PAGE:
Chapter V: Degradation
A mysterious stranger arrives in the town of Montreuil-sur-mer. With a small amount of capital and a few changes to production, he revolutionizes the local industry of glass bead-making, making a fortune for himself. He donates the majority of his money to charity, establishing hospitals and schools. His first night in the village, he rushed into a burning building to save two children, who turned out to be the sons of the police chief, so no one asks for his identity papers. He calls himself Pere Madeleine, but he was previously known as Jean Valjean.
He dedicates himself to charity and justice, providing jobs to the poor and donating money to the needy throughout the district. He is offered a position as mayor due to his great wealth and service, and accepts when an elderly woman reminds him of all the good he can do with such a position.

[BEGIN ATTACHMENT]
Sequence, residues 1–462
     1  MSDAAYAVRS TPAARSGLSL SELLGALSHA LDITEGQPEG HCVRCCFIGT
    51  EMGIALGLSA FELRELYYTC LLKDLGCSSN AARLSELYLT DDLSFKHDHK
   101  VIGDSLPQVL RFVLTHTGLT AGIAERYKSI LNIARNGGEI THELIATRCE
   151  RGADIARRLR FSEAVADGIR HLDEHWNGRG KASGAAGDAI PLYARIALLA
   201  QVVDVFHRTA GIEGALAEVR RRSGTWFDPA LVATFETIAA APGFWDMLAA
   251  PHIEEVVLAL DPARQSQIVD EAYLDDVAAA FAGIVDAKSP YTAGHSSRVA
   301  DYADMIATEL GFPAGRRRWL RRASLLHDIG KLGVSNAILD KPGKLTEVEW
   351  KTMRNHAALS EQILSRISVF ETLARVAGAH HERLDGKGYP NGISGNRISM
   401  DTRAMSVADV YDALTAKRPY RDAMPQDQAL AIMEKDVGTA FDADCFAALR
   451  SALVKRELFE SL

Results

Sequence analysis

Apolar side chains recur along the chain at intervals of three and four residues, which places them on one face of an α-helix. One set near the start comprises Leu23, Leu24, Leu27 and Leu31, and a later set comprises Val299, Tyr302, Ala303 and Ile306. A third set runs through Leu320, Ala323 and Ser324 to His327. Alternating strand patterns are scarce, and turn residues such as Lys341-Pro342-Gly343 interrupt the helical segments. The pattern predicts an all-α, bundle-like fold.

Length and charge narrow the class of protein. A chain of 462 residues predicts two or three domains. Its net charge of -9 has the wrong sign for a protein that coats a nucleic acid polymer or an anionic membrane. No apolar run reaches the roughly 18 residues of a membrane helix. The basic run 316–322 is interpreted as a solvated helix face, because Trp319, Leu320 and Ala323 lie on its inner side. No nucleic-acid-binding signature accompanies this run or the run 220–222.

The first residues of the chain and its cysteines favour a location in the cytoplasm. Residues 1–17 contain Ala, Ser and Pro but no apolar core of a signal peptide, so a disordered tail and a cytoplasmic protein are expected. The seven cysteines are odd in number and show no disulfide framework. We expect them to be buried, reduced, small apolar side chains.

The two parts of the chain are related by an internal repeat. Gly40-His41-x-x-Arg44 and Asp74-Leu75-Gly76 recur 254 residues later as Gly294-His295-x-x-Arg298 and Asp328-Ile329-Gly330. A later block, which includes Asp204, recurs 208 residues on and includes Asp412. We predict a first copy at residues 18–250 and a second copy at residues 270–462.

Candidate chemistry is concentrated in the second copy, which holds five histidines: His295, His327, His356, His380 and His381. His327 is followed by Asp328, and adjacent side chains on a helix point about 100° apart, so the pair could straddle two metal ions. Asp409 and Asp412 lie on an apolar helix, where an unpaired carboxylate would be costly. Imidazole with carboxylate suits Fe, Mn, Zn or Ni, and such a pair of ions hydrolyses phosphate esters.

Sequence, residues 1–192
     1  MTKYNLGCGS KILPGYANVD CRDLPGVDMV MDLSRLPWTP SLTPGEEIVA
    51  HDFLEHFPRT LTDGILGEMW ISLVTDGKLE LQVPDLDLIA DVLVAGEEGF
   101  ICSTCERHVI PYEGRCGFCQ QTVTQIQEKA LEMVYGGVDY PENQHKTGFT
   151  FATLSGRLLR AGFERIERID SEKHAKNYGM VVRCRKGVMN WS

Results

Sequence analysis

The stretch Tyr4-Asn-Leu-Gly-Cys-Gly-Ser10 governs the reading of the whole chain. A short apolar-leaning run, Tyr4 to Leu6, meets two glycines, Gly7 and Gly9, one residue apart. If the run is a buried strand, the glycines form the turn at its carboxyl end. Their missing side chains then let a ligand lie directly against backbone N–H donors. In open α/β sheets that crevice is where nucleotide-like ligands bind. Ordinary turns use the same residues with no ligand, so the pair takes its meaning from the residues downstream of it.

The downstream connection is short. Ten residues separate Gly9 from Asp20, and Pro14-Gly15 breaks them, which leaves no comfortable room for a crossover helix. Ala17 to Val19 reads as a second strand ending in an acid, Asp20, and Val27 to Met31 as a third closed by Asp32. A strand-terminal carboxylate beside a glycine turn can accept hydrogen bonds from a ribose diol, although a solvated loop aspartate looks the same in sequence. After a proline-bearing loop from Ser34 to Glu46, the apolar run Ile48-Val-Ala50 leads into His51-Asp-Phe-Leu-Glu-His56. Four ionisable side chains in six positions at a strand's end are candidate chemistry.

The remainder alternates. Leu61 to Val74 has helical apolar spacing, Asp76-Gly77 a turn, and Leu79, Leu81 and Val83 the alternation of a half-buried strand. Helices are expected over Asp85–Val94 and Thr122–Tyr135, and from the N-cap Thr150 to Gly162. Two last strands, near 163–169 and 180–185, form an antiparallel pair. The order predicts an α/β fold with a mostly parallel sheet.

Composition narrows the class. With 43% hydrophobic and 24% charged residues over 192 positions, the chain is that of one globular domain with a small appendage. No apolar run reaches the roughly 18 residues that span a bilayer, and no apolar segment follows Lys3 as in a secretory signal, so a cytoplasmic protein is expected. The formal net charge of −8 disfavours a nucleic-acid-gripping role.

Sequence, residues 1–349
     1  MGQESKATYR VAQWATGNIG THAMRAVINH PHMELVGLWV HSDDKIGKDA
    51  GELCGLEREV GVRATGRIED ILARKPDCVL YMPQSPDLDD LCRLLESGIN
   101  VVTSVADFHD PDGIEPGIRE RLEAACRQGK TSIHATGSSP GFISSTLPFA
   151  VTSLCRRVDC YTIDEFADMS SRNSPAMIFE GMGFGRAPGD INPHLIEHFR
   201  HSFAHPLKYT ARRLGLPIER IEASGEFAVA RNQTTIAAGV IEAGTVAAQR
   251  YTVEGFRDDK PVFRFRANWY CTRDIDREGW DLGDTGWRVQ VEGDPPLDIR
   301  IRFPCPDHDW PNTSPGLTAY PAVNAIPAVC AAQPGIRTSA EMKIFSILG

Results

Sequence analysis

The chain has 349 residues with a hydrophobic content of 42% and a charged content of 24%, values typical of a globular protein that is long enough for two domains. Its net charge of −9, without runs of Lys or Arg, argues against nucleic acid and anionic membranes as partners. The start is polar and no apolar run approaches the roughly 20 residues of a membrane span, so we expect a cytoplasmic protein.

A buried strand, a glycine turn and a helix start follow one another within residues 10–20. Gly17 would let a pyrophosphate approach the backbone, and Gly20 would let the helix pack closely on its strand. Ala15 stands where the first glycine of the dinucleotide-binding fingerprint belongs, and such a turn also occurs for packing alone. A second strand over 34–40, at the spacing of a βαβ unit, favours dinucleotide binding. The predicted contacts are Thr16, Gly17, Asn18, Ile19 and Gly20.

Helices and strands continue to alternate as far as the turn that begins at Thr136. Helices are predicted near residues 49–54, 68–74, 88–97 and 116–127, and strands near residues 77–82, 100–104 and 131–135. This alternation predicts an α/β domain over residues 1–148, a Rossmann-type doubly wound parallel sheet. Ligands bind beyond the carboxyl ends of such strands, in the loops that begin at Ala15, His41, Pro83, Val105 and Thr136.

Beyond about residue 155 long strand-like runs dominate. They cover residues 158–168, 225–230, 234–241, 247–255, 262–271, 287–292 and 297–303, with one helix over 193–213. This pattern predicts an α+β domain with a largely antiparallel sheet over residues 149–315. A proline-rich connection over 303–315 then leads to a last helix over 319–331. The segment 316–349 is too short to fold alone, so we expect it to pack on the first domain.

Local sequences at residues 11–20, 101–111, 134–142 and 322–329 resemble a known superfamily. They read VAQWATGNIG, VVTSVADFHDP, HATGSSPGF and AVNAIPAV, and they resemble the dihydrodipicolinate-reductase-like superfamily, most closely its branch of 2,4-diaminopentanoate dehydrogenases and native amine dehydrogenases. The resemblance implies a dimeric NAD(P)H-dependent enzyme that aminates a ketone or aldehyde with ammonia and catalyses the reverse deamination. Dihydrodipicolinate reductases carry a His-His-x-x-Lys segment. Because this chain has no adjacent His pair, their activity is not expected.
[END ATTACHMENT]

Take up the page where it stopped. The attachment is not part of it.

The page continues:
Not everyone accepts him. He is dogged by Javert, a police officers who thinks Valjean is not exactly who he seems to be. Javert, who was born in a prison, has a rigid sense of justice. He does not believe that people are truly capable of reform. He is not quite certain that he recognizes Valjean (who has skirted the law by hiding his identity as an ex-convict), but he watched him closely. One day, an elderly man named Fauchelevent is trapped when his horse carriage overturns, and Monsieur Madeleine rushes in to rescue him. Javert calmly remarks that in his whole life he has seen only one personal that the strength necessary to lift a cart; this man was a convict in the prison at Toulon(?). Monsieur Madeleine turns pale, but rushes in and saved the man anyway. Javert becomes more certain of the wealthy mayor's true identity.